Coal Tits and Blue Tits no doubt, feel much the same way about each other. They are alike enough to get along and dissimilar enough to be sure of themselves. They will both eat pretty much whatever is going and are happy to share the delights of the bird table. Coal Tits however, prefer the seeds. Their beak is perfectly adapted for removing the seeds from pine cones and other hard to reach places. Blue Tits, on the other hand just love aphids, moths and caterpillars. They will eat seeds but only as a second choice.
We do our best to keep them both happy.
Our picture today is a photo of slush, in case you hadn’t guessed. You see so many pictures celebrating the snow. Snow on mountains, snow on holly bushes (with and without robins), cars stuck in snow, people digging snow, but when the snow goes, it recycles itself in a magical, totally environmentally friendly way, and yet no-one seems to celebrate the marvelousness of slush. So, look, look, it’s slush! It’s slush!
We set out this morning a little sandy-eyed. The trees in the woods behind the house had held a Burns Night Supper last night – and they had invited the wind. It certainly sounded as if the whisky flowed freely. I must say that the whole thing seemed fairly convivial. They must be old friends. There were times when the merriment appeared to be becoming quite out of hand. Perhaps the entertainment was someone reading some of Burns’ more humorous verses, but from our position on the outskirts of the frivolity it seem more of an adult nature. The woodland version of Billy Connolly, possibly?
As a nod to Robbie – here’s a piece he wrote. It seems to be particularly apt.
At the front of the property we live upstairs, over the barns. If you go round the back though, you’ll find that we live at ground level. So, if you walk out of the back door and round to the front door, you then need to climb the stairs to get back where you started from. This circuit can put parts of the various roofs that cover the different sections of the building at eye level. Depending on which door you are using to enter or leave, the patterns of the slate roofing tiles are are like a kaleidoscope that moves round in the corner of your eye as you walk past.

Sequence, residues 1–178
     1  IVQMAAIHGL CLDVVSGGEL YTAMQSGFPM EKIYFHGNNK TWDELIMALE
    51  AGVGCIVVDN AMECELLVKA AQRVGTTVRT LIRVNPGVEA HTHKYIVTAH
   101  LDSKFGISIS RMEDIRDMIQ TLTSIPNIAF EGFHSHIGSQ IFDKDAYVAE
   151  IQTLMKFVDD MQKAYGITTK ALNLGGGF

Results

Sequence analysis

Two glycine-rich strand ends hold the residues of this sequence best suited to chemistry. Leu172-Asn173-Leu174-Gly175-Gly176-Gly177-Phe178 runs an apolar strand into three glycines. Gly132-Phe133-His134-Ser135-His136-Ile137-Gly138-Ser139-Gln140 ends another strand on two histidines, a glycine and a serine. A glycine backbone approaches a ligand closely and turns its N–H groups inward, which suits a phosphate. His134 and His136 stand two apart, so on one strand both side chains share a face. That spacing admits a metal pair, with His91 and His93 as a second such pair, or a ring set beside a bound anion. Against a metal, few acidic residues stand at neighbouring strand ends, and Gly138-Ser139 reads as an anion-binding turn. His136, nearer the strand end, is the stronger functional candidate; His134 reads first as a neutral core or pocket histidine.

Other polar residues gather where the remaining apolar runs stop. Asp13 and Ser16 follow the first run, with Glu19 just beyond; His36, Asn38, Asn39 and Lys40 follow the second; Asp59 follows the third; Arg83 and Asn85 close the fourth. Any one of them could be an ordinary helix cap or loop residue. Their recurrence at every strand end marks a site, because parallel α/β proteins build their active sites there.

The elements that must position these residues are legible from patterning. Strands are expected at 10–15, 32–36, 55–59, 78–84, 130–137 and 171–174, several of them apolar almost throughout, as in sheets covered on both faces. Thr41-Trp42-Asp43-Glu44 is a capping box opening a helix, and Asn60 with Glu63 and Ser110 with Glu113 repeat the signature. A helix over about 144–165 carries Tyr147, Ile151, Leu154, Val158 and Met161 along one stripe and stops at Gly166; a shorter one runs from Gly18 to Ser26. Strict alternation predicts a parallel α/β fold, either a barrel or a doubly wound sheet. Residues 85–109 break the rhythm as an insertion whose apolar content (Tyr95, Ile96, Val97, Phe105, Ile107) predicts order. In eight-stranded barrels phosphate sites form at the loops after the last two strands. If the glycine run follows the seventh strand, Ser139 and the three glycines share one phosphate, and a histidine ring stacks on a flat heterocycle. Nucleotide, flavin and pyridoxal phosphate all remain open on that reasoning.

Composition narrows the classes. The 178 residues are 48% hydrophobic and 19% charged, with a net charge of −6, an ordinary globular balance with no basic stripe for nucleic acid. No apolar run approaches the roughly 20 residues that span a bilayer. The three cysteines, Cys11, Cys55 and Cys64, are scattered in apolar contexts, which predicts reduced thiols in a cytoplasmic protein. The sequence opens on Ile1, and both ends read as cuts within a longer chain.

Slate, most likely for roofing tiles, has been mined or quarried in The Lake District for ever. Probably going back way before the Romans. The biggest problem of course, was getting it from the mine or quarry to somewhere from which it could be transported to somewhere useful. This meant – until people took transport seriously enough – the odd mule-full was the best you could expect. We always take visitors from ‘down south’ up over the Honister Pass and past The Honister Slate Mine, if we possibly can – and it’s a difficult enough road even in a modern car.
Slate roofing tiles come in various sizes, such as, Countesses, Duchesses, Princesses, Wide Ladies, Narrow Princesses, Narrow Ladies and these shown here. They are, at a guess, based on a quick dash outside in the rain to take a few measurements, Broad Ladies.
I like to think that they are not just broad ladies but also broad minded ladies.
This piece of rural landscape doesn’t look as though there can be anything interesting to say about it, does it? Would you believe me if I told you it was one of the most interesting things around here? As a matter of fact it really is one of those things that you look at for ages without even noticing – then suddenly, while you are thinking about something quite different, there’s a sort of ‘click’ in your head and the part of your mind that has been turning over thoughts that you wouldn’t think are related, is, without you having to do anything to prompt it, semi-transparently overlaid with another thought or perhaps, as in this case an image. Immediately after, it is all perfectly obvious and you wonder how you missed it.
If The Dog and I take the route round to the level crossing, over the other side of the lines, we can look over the fence, where the beck gallops down a steep ladder of assorted small boulders and large stones then hurries off through a pipe under the road. On the other side of the road we look down on where the beck runs through a broadening of its small valley where, now, are several houses, redeveloped from what used to be a mill and its supporting buildings. The mill itself is long gone to the great waterwheel in the sky.
We stopped and looked at the beck, just as we always do. Then we started thinking about watermills and about micro hydro power and then as we stared inwardly at the possible head of water available in our beck and wondering how it was enough to turn a mill wheel. The piece of our mind that was on duty, listening for traffic, looking for something to photograph, etc. noticed this apparently orphaned line of trees wandering round the hill.
Click. Ding. Sproing. Clang. The penny dropped, this is the mill leat or head race. This line is probably the old hedge that marked the channel that brought the water to our mill. Who’d of thought.